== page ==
Did you know there actually is a book about the creator of the Linux kernel? And that it was published twelve years ago in 2001? I have used Linux-based operating systems for almost 8 years, and I must admit I never heard of such a book up to three months ago. I ordered it the minute I found out about it. And I’m glad I did :-).
Just For Fun: The Story of an Accidental Revolutionary is about the life journey of the father of the Linux kernel – Linus Torvalds, but not only that. It is mostly written as an autobiography, with shorter sections between chapters from a co-author, a journalist, David Diamond (whose idea it was to write a book about Linus in the first place).
It starts with a short preface, a conversation between the two authors on a road trip Linus, his family, and David went on (their destination is an IKEA store in Los Angeles). During the trip, they talk about the book and Linus starts to explain a theory he has about the meaning of life – the law of Linus. The title of the book is in fact based on this theory (which is quite interesting).
Linus starts with describing the memories he has from his childhood in Finland with the same kind of wit you might know from his emails (the first chapter actually starts with: I was an ugly child.). He says, he doesn’t remember much of it, except when it comes to the computers he had. He spent a lot of time with his scientist grandfather, who introduced him to programming and let him use his computer. Linus did what any serious nerdy kid does. Loved maths, stayed indoors a lot, and programmed as much as he could.
The story continues to the times during which Linus got an extremely powerful (at that time) and also extremely expensive 386AT machine. He must have got a loan to be able to afford it. The things Linus did back in that time were basically only programming, sleeping, and eating pretzels. And of course the occasional snooker.
These were the early times and they certainly were not as easy as often portrayed by journalists. Even after the famous release announcement on the Minix’s news group, Linux was not an instant hit. It took quite a lot of hard work before it got any commercial attention, and even more work before Linux actually gained any commercial success.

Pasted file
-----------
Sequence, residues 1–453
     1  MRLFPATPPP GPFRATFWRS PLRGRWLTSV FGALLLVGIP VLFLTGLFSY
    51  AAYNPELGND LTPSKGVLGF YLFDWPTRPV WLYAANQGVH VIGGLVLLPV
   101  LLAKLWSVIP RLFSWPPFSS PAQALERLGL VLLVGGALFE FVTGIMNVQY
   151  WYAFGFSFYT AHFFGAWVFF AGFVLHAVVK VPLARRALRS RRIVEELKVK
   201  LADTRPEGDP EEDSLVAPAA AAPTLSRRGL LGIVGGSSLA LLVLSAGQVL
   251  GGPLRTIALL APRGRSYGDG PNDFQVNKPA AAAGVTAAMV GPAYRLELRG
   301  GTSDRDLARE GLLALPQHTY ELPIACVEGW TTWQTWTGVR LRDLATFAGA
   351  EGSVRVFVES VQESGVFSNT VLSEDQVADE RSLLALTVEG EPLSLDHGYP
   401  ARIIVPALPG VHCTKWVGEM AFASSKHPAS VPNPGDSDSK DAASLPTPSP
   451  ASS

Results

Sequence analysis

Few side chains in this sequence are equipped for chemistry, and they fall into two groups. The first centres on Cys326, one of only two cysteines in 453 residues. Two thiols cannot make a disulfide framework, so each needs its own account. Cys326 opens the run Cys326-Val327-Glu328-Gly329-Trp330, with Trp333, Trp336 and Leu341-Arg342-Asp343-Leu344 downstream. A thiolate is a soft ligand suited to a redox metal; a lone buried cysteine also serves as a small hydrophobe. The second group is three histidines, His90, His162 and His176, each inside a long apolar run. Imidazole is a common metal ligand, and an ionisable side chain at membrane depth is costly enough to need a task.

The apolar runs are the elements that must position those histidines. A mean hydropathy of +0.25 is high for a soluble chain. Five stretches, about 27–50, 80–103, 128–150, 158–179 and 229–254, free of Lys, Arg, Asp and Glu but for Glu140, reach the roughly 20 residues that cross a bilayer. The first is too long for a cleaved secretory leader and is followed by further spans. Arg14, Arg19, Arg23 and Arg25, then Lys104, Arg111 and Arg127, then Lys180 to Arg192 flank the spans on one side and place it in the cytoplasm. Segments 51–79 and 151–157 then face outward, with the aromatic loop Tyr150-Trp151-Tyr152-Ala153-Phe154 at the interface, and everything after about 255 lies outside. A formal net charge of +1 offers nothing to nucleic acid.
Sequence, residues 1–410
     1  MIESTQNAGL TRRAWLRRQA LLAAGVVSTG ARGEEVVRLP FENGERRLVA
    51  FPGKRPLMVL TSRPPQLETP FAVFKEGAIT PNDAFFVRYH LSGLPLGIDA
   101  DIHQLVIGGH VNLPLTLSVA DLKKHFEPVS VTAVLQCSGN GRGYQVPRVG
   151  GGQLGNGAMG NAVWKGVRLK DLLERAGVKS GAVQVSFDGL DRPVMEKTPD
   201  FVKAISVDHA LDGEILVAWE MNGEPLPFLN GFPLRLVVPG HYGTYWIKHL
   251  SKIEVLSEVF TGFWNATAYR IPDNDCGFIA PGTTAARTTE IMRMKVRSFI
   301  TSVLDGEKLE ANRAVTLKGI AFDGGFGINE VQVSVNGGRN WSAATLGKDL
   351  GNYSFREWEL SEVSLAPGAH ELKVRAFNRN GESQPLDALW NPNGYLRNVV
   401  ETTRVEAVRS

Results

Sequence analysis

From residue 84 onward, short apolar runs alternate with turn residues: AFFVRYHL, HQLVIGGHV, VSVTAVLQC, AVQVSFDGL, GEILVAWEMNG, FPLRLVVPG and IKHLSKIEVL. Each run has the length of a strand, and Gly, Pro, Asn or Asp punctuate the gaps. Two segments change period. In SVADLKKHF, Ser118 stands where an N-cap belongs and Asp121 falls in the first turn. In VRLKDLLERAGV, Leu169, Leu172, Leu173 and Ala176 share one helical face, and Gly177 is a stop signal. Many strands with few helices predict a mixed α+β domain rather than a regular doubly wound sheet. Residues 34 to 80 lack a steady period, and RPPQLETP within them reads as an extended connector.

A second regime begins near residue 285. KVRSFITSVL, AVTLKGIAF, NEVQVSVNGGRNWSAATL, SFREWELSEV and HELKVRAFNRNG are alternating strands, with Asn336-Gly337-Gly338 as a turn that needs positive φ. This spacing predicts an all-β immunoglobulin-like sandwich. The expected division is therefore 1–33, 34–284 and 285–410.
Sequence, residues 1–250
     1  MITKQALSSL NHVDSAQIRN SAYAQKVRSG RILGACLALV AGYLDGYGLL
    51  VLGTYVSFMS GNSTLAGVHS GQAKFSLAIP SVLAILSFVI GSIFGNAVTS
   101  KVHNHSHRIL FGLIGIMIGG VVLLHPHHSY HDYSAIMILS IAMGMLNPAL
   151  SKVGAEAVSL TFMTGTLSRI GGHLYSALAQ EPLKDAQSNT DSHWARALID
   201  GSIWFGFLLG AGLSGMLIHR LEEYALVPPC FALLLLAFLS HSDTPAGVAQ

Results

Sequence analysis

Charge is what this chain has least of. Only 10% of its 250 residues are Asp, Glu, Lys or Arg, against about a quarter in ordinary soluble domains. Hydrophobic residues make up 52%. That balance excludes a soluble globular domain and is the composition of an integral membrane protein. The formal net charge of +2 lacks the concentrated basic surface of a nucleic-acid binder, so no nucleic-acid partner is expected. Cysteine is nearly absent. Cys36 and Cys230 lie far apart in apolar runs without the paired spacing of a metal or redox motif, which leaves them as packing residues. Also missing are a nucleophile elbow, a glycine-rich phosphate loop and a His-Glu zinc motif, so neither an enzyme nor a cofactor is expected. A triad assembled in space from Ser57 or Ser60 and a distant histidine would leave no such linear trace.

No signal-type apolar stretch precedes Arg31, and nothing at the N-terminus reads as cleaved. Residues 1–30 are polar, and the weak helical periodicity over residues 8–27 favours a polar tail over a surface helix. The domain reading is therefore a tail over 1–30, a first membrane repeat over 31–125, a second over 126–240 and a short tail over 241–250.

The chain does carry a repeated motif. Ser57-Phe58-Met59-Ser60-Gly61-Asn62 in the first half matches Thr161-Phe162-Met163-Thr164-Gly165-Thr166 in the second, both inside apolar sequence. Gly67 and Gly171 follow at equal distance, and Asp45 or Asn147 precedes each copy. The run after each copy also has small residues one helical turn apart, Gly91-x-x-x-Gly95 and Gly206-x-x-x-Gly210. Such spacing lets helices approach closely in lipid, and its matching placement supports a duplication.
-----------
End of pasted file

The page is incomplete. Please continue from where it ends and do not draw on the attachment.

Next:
Linus got a job at the University of Helsinki that allowed him to focus on developing Linux. He decided, he would like to turn Linux into a full featured operating system (which took a lot more work than he had expected). But after some time, he announced the release of Linux 1.0.0. Only this time it was not an email sent to a news group. The usual (and boring) email announcement turned into an event that took place at the university and attracted quite a lot of attention.
In the following chapters, Linus writes about his other early experiences with public speaking and his encounters with journalists coming to his house. Linus explains why he took the job at the Transmeta Corporation and also his decision to relocate from Finland to the US. He also mentions the stock grants he received from Red Hat and various other Linux companies (and why he refused to work for any of them).
Towards the end of the book, there are several essays on open source, intellectual property, copyright, and the future of Linux presenting his own opinions on these topics. Interestingly enough, Linus mentions, that he expects the Linux kernel to power some sort-of handheld devices for reading email in the future (the smart-phones that are common today were certainly not yet that ubiquitous in early 2000s).
This book was a quite an interesting read for me. It is funny and casual, so it reads quite fast. And if you actually use Linux or even participate in the community that surrounds the Linux kernel, I certainly recommend picking it up!